- Overall 320 is considered a benchmark score which should get you in safe places. But there’s nothing carved in a stone. I’ve seen people with 315 cracking big universities and ones with 325 not able to make a mark. In the end, your profile would play a bigger role than GRE.
- You should note that for programs like data science, mathematics will be given an emphasis for sure. So having a score of 320 with 160 each is not as good as maybe something ~170 in Quant and ~150 in verbal. But again it depends on the perception of each institute.
- Analytical Ability
- This is a third section of GRE which is graded out of 6. You’ve to write a couple of essays. First is, on any topic where you want to share your views. Second is, analysis of an argument where a passage will be given and you’ve to identify the flaws in the argument made there.
- Personally for me, the former kind is difficult but even the latter isn’t a piece of cake.
- If your writing skills are not good, you’ll need significant practice for this section as well. In my case, I had to work a lot on the first type of essays.
- 4 (out of 6) is considered to be a good score here but even 3.5 works. Anything below that is not good. This is because if you’re having a low score here and you end up writing an excellent SOP (Statement of Purpose) then it raises concerns that the SOP was written by someone else.
The score of a GRE exam is valid for 5 years. In terms of preparation time, it would largely depend on your grasp over English. If you’re really good, you can do it in 3-4 months. I was average and it took me ~6 months. If you’re not even average, expect 6-8 months. Moreover, I believe that there is a level to which you can increase your score. After that the effort required is exponential and you might not get that much returns. So you’ve to identify that level for you and achieve it. Like I figured I was a 320 guy. So I settled for a 323.
TOEFL (Test Of English as a Foreign Language)
TOEFL is designed to test your grasp over English. It has 4 sections – Reading, Listening, Speaking and Writing, each with 30 marks totaling to 120.
Each section has questions in a specific format which you can find in any of the preparation books. I will not go into the details here. It is a relatively easier exam as compared to a GRE. Most of the questions will be straight forward and the scoring is also relaxed. There is another exam called IELTS which works more in the UK but some of the American universities also accept its score.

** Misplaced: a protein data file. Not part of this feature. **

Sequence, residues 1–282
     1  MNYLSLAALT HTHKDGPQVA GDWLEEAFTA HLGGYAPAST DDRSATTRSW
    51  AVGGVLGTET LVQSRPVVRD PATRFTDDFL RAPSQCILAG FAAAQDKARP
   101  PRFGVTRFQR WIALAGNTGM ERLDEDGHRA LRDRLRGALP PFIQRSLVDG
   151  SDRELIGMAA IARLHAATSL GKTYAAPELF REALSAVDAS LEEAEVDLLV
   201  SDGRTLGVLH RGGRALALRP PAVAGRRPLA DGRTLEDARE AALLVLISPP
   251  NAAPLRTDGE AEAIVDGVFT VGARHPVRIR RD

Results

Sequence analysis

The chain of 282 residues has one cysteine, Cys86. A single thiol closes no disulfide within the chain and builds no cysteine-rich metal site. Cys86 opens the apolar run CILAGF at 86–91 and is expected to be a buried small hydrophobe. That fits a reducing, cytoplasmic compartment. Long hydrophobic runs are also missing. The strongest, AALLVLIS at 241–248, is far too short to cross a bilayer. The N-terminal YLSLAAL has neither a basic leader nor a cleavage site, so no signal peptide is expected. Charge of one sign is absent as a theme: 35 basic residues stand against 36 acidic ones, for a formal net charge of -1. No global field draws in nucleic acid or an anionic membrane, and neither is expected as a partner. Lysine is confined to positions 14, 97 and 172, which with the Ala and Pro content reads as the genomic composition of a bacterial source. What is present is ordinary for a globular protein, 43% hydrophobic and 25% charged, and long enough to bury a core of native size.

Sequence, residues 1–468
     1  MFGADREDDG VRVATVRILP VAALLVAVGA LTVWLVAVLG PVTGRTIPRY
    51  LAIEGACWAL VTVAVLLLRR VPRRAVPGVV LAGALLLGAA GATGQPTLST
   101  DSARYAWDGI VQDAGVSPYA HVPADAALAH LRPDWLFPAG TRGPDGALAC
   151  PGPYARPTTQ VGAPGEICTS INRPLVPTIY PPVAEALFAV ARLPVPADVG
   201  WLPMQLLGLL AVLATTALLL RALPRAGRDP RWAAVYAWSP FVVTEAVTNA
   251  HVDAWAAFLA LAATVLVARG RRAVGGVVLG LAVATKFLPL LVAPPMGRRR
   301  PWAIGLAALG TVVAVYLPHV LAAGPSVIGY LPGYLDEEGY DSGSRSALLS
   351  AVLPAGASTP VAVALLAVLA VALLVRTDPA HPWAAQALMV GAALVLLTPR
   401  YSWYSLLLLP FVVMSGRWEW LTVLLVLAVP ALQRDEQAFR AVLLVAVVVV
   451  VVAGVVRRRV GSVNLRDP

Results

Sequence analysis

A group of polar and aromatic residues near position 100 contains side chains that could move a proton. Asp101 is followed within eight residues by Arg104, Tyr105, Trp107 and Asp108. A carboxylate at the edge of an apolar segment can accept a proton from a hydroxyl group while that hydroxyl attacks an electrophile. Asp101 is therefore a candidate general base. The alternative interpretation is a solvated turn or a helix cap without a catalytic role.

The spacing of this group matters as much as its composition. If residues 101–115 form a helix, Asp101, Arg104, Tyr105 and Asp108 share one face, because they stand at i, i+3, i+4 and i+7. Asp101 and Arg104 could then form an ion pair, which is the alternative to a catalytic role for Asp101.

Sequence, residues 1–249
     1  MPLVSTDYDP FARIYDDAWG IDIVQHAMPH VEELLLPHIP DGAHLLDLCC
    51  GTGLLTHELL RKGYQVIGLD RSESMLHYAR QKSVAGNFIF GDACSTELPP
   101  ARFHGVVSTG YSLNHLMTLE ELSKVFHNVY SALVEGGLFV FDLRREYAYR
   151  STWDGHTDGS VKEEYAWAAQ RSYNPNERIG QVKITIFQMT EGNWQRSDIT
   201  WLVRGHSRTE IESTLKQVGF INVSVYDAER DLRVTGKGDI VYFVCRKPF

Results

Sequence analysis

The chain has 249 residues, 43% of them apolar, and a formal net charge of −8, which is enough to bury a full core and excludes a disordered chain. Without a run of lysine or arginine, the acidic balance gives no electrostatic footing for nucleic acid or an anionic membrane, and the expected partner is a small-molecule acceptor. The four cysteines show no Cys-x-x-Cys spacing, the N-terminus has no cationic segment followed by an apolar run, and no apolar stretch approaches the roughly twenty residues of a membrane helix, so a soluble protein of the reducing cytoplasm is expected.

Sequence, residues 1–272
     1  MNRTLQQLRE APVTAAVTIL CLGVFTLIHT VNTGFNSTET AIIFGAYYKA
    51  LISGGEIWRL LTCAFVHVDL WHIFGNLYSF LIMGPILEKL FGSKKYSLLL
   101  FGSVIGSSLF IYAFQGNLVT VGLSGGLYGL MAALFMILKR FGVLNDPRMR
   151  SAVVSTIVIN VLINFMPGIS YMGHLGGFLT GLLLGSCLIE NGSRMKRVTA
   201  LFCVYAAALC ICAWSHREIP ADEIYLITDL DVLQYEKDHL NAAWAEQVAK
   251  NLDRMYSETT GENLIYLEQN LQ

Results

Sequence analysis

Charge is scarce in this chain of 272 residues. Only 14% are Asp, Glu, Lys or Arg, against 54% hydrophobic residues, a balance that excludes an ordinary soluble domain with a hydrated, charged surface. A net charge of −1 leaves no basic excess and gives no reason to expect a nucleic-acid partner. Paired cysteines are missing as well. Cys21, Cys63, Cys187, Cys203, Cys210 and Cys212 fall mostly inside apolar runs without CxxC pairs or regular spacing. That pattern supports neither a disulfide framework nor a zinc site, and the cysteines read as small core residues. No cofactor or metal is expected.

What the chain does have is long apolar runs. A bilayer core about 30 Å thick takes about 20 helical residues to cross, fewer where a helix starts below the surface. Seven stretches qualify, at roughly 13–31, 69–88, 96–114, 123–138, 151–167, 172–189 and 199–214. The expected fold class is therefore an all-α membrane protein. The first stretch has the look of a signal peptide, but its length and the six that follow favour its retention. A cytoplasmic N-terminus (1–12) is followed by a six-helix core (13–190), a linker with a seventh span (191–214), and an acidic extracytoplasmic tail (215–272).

In terms of a good score, 100/120 is considered a benchmark. I would say that its fairly easy to score a 100. With some good practise, you can easily cross 110. I attempted the exam twice because it is valid for only 2 years. I scored 114 in first attempt and 117 in second and I studied literally for 3 days in my second time. So, you can imagine how easy the exam is.
GRE and TOEFL Preparation
Now comes the important question, how to prepare?
For GRE, I would recommend taking some sort of classes, either online or in-person. I personally took in-person classes at Princeton Review for GRE and I got a package with TOEFL exam included for around 4K. I really liked Princeton Review and I would definitely not have been able to get a 323 without there help.
I think most of us would need external help unless off-course someone is really good in English. It’ll really help if you like reading novels and newspaper. You should read some reviews about the center before joining because there are bad ones as well which will waste your time and money.
If you’ve decided that you are serious about it, I recommend you should start by learning new words. You can pick up the famous book Word Power Made Easy, Norman Lewis.
This is a really good book to start enriching your vocabulary. It uses etymology, which is a technique of learning words through there roots or origins. It has some interesting exercises to help you set a strong vocabulary base. Along with this you should start looking at some coaching centers in your area and once you feel comfortable with this, you should start the coaching as well. Reading this book as a primer will be really helpful.
Another word of caution – DON’T IGNORE MATHS! I know that quantitative is really easy and scoring even 165 is not very difficult. But in order to get a full score, you must practice sufficiently. I’ve seen many people who underestimate quant and end up scoring in the early 160s. Just take this part as an exam and it should be fine.